Captain Lawrence Edward Grace Oates (March 17, 1880 – March 16, 1912) was an English cavalry officer and explorer.
He died during the Terra Nova Expedition. Oates, afflicted with gangrene and frostbite, walked from his tent into a blizzard. His death is seen as an act of self-sacrifice when, aware his ill health was compromising his three companions’ chances of survival, he chose certain death.
Scott’s party faced extremely difficult conditions on the return journey, mainly due to the exceptionally adverse weather, poor food supply, injuries sustained from falls, and the effects of scurvy and frostbite all slowing their progress. On February 17, 1912, near the foot of the Beardmore glacier, Edgar Evans died, suspected by his companions to be the result of a blow to his head suffered during a fall into a crevasse a few days earlier.
Oates’ feet had become severely frostbitten and it has been suggested (but never evidenced) that his war wound had re-opened due to the effects of scurvy. He was certainly weakening faster than the others. In his diary entry of March 5, Scott wrote “Oates’ feet are in a wretched condition… The poor soldier is very nearly done.” Oates’ slower progress, coupled with the unwillingness of his three remaining companions to leave him, was causing the party to fall behind schedule.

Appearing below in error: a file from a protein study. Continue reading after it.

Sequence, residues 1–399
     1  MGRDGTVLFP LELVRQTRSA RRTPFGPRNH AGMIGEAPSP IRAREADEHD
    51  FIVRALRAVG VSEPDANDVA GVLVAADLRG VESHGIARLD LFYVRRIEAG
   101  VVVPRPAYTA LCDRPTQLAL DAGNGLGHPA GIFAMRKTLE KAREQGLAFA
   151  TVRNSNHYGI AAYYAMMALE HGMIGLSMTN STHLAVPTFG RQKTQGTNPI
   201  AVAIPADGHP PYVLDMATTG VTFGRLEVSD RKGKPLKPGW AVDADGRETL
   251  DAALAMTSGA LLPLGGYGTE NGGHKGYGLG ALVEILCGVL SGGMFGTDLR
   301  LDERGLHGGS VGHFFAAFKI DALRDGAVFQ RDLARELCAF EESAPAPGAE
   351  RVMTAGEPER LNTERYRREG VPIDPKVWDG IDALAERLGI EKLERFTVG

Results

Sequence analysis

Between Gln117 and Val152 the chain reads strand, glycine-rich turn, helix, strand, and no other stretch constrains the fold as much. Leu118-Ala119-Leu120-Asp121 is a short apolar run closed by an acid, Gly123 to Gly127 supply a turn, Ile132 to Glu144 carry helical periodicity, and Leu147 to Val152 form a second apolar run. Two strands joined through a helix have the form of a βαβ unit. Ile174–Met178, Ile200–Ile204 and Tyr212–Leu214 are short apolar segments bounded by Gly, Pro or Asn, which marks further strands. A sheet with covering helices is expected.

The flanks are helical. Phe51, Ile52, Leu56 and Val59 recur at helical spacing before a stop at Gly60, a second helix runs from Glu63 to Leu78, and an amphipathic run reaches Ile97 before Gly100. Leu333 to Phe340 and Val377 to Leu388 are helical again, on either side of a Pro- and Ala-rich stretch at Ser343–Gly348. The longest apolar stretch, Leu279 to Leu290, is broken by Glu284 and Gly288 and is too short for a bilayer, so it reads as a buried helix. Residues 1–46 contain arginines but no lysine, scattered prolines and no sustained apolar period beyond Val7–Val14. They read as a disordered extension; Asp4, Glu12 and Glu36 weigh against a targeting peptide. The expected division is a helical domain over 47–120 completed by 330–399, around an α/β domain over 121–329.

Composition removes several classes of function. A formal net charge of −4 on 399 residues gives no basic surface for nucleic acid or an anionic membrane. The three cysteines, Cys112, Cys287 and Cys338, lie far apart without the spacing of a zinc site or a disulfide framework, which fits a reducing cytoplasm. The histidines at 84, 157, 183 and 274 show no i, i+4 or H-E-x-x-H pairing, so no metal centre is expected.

With an average of 65 miles (105 km) between the pre-laid food depots and only a week’s worth of food and fuel provided by each depot, they needed to maintain a march of over 9 miles (14 km) a day in order to have full rations for the final 400 miles (640 km) of their return journey across the Ross Ice Shelf. However, 9 miles (14 km) was about their best progress any day and this had lately reduced to sometimes only 3 miles (4.8 km) a day due to Oates’ worsening condition. On March 15, Oates told his companions that he could not go on and proposed that they leave him in his sleeping-bag, which they refused to do. He managed a few more miles that day but his condition worsened that night.
Waking on the morning of March 16, and forgoing the pain and effort of putting his boots on, he walked out of the tent into a blizzard and −40 °F (−40 °C) temperatures to his death. Scott also wrote in his diary, “We knew that poor Oates was walking to his death, but though we tried to dissuade him, we knew it was the act of a brave man and an English gentleman.”
According to Scott’s diary, before Oates exited the tent and walked to his death, he uttered the words “I am just going outside and may be some time.”